[ Retro Scan of the Week ] Donkey Kong Puzzle

October 13th, 2014 by Benj Edwards

MB Puzzle Milton-Bradley 200 piece Donkey Kong Puzzle box cover art - circa 1983That is one dangerous and sexy construction site

When it comes to vintage 1980s puzzles, few can beat the sheer cultural nostalgia value of this 200-piece Milton-Bradley Donkey Kong puzzle, which comes straight from my childhood. This is a scan of the front of the box.

It's not often that I find a true surprise lurking in our old family toys, but I had completely forgotten about this puzzle until I ran across it in the back corner of my mom's attic a few months ago. Memories of poring over the lush, vibrant artwork on the box rushed back to me as I pulled it from where it had lay, dusty and neglected, for 25 years.

Look at the the highlights, the curves, the gradients. The richness.

Luckily for me, all the pieces were still in the box, so I have now re-assembled the puzzle and framed it. It will never be lost again.

The artwork for this puzzle no doubt echoes the side cabinet art of the Donkey Kong arcade machine, but with added detail and an airbrushed vividness. I think it would make an awesome poster — does anyone know who the artist was?

By the way — even though I find it insanely difficult at times, the original Donkey Kong is one of my favorite arcade games. It was also one of the first video games I ever played, courtesy of a port to the Atari 800.

P.S. Pauline is way hotter than Princess Peach.

[ From MB Donkey Kong 200 Piece Puzzle Box - circa 1982-1983, front]

Discussion Topic of the Week: In your opinion, which is better: Donkey Kong Jr. or Donkey Kong 3?

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[ Retro Scan of the Week ] Baked Apple II

October 22nd, 2012 by Benj Edwards

Baked Apple Melted Burned Apple II computer with cat house fire Ad - 1982Two hours later, firefighters found Fluffy melted into the plastic.
(click image to see the full two-page spread)

There was a fire.

And a cat.

The computer melted.

A Beautiful Computer.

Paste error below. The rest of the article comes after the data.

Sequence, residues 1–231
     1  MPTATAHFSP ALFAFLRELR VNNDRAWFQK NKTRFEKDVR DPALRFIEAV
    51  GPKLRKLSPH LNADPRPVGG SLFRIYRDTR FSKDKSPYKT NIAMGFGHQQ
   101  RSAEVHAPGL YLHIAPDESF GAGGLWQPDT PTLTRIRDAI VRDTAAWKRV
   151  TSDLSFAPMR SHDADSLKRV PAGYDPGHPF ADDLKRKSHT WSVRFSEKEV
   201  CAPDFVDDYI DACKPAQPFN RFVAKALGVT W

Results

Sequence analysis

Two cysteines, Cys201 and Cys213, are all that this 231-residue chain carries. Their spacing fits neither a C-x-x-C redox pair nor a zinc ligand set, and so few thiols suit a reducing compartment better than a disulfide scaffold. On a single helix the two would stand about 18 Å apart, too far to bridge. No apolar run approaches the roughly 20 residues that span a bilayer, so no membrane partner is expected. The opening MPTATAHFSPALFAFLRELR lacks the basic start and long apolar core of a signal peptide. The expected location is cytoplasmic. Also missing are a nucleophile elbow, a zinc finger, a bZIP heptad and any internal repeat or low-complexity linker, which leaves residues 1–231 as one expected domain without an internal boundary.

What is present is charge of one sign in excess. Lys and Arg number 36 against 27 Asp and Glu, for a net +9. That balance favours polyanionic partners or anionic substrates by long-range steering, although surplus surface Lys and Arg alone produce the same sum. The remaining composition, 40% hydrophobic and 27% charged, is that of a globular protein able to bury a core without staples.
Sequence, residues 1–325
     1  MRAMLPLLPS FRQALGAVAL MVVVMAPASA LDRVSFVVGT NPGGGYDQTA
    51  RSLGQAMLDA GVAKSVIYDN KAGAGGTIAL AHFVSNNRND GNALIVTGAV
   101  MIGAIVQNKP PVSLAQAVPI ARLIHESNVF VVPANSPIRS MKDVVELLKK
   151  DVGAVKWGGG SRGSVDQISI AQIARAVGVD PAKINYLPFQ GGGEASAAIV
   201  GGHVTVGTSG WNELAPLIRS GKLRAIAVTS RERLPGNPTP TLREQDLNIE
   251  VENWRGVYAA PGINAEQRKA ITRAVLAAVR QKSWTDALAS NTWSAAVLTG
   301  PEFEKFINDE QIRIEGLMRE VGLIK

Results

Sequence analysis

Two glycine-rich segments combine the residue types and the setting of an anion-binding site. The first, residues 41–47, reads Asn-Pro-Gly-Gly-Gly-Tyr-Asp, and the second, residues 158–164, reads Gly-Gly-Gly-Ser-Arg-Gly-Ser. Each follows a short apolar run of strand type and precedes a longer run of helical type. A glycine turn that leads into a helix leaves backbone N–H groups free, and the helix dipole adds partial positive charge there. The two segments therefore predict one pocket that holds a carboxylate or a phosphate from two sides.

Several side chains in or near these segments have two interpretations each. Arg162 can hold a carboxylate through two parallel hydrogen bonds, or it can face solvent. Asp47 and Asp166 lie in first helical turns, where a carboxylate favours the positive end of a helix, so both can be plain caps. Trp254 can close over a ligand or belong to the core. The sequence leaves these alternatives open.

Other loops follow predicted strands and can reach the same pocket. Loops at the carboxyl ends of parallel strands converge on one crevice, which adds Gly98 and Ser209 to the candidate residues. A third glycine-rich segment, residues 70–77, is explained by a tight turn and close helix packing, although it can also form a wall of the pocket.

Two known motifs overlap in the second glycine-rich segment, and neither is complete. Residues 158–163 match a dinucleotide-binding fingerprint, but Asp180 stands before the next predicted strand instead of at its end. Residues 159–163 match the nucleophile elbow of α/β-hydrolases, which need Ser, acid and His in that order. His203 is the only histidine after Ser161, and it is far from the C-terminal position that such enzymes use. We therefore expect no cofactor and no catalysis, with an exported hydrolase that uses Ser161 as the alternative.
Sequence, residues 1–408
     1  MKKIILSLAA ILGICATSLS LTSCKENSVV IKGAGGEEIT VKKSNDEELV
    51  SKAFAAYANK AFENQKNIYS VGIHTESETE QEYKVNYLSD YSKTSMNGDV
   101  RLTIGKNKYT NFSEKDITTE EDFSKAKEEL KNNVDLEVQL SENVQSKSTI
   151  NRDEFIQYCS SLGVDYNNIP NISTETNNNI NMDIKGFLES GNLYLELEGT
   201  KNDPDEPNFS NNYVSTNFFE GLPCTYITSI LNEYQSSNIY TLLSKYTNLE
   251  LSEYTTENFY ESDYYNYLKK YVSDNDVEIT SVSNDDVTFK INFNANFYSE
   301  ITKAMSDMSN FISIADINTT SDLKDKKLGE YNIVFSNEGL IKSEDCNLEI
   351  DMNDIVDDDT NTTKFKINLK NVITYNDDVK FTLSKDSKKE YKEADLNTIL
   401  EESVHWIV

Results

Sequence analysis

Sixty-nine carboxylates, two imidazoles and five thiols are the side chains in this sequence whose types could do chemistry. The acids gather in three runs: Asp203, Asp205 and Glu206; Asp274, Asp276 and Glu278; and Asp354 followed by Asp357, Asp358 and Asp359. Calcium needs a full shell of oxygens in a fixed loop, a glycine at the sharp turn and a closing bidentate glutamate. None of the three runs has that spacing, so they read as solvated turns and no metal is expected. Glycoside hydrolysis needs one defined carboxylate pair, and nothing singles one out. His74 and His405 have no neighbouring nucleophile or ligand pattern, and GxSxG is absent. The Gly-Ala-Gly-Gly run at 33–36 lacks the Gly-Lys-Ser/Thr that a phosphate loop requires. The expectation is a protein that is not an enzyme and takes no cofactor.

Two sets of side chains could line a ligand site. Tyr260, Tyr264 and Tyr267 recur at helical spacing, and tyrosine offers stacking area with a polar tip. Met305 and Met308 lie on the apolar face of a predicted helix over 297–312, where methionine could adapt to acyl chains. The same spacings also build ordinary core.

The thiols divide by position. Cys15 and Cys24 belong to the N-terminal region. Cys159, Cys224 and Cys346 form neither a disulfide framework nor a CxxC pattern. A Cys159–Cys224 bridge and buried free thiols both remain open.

Oh, the curt, pretentious voice projected by Apple advertising in the 1980s. It almost revels in talking down to you. Just about every Apple print ad of the era uses a similar subliminal script. It goes a little something like this:

This is Apple.

We are amazing.

Really.

Don't get me wrong — I like Apple as much as the next guy, but man, wipe that smirk off your face.

Apple has come a long way since that time, from floundering near death to basking as the most valuable corporation in the world. The firm, like its co-founder Steve Jobs, suffered some hard knocks, and Apple's post-1997 advertising reflected that by gaining a little humility. Just a little.

In general, I like Apple advertising these days (except for that recent "Genius" campaign). The 1984-era smirk is long gone, although a hint of strategically placed pretension remains.

But hey — that's the way people like their Apple, and it shows: a record number of consumers keep buying their products.

More Melted Tech

Back in early 2011, I created a slideshow called "A Gallery of Melted Technology" for PCMag.com that features this ad and photos of similar melted gadgets. If you have the same morbid curiosity I do about melted technology, I think you'll enjoy that as well.

[ From Popular Computing, January 1982, p.8-9 ]

Discussion Topic of the Week: Have you ever lost or damaged a gadget in a fire? Tell us about it.

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